Fundraisers in recent years have prompted Niskayuna school officials to scrutinize their policies. Officials want to ensure that any fundraising conforms with state regulation and make sure students aren’t being coerced into giving.
“No one incident put it on the radar,” school board President David Hudson said. “What’s happened, is there’s been an awful lot of fundraisers over the last couple years.”
He noted natural disasters have prompted efforts, as well as efforts to build new school playgrounds. “Anytime you have something like that, it’s worth taking a look.”
Board members have been discussing the policy since earlier this year. District officials circulated a draft policy to board members this month.
The draft brings together different policies into one 13-point sales and solicitations policy governing fundraising during school hours and on school grounds. It includes a provision requiring scheduling and approval. The principal would be given the authority to ensure that such activity doesn’t intrude on learning and is coordinated with other events.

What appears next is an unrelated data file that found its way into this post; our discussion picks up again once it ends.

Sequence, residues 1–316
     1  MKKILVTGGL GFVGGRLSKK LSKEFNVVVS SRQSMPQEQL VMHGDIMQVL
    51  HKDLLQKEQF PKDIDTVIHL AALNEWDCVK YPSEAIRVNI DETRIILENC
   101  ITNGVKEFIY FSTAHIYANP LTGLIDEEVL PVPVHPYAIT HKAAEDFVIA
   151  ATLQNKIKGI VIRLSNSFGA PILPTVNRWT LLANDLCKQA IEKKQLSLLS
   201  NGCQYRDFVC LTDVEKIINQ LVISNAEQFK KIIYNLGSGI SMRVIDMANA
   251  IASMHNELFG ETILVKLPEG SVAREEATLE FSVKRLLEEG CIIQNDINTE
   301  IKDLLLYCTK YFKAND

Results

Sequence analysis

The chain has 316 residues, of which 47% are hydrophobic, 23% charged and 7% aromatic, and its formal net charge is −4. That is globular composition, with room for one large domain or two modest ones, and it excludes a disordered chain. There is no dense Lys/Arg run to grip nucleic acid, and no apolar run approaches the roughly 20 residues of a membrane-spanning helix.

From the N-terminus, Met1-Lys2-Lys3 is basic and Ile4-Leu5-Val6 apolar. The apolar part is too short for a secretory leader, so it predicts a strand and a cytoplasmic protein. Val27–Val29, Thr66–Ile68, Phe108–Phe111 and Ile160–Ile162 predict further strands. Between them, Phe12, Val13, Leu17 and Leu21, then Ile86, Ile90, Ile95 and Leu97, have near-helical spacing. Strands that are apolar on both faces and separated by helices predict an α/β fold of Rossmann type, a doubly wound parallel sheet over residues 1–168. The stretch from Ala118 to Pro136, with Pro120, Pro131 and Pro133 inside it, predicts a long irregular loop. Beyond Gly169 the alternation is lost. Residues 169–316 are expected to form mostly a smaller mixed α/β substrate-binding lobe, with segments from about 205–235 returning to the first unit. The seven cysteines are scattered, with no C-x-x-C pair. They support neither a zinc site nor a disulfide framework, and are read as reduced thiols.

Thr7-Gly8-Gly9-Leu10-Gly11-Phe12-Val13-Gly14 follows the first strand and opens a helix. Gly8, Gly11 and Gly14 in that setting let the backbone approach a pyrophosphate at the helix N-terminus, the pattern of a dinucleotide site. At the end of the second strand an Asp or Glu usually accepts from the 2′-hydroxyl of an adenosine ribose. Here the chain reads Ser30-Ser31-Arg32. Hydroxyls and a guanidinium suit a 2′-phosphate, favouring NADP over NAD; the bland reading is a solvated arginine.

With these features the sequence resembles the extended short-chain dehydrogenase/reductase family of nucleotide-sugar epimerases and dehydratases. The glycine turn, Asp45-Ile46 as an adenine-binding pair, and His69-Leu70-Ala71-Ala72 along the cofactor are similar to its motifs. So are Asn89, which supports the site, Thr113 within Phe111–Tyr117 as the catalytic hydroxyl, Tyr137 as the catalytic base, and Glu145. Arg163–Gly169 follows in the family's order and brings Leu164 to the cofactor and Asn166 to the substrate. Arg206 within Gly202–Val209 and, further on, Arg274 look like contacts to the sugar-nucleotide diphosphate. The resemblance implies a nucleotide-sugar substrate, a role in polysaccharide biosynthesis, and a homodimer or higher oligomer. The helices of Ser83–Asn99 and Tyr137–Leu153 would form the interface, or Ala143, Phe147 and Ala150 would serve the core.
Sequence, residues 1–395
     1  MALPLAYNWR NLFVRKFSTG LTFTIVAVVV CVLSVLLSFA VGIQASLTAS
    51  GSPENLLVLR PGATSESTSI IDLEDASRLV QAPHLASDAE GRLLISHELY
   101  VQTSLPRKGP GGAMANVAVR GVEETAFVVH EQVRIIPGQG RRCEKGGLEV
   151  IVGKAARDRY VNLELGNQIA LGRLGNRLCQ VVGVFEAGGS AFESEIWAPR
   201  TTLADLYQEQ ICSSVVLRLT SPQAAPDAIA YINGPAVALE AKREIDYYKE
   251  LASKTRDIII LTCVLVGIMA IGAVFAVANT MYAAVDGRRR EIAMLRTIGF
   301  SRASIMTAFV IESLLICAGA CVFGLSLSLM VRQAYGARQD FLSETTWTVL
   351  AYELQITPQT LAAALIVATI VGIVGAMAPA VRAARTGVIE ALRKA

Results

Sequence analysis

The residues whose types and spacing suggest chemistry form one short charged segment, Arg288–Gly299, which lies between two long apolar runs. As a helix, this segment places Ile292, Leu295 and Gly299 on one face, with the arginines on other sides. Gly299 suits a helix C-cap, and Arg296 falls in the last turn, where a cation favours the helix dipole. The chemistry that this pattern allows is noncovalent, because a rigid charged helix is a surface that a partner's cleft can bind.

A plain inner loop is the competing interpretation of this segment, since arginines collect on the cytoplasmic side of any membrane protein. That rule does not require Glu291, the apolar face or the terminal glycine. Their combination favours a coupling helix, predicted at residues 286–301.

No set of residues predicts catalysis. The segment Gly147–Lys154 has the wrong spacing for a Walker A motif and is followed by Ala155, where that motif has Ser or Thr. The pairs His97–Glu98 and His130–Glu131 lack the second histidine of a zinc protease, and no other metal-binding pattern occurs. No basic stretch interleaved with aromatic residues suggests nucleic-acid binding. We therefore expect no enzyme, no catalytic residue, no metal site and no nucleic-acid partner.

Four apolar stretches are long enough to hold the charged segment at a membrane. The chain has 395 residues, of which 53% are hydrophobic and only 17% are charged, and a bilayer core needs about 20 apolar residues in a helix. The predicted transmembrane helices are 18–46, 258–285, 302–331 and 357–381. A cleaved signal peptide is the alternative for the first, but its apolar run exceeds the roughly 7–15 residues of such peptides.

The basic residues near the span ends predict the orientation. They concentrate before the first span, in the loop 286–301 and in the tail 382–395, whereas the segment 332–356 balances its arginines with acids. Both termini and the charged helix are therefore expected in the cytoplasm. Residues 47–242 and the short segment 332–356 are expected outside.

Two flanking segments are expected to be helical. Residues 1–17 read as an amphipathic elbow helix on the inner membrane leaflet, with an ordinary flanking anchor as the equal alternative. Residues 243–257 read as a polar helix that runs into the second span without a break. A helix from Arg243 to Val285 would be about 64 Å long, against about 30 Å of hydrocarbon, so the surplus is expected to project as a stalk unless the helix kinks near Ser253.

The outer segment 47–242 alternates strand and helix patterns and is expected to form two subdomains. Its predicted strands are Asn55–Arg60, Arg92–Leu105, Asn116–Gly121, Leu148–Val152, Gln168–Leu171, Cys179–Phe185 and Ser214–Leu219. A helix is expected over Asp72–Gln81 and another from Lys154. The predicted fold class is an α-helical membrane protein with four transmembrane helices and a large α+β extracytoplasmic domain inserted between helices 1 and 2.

Niskayuna High School Principal John Rickert told board members last week that is already taking place under previous policies.
“It’s not as if you just set up a table and start selling things,” he said.
Other board members asked last week whether fundraisers related to the junior prom would see changes.
Bob Winchester noted that effort involves students working together to fund the event.
“There’s a lot of learning and connecting that goes on,” he said. “I don’t want to see that destroyed.”
Hudson said he didn’t expect most fundraisers to be affected by changes.
Board member Barbara Mauro said at issue is how strongly students are encouraged to take part in any fundraising activity.
“Kids shouldn’t feel pressured during the school day to part with their money,” she said.
The draft policy also sets down prohibitions against collecting in classrooms or homeroom. Donations from students may only be done in common public areas where the identity of the students participating is not revealed, something that echoes state Department of Education guidelines.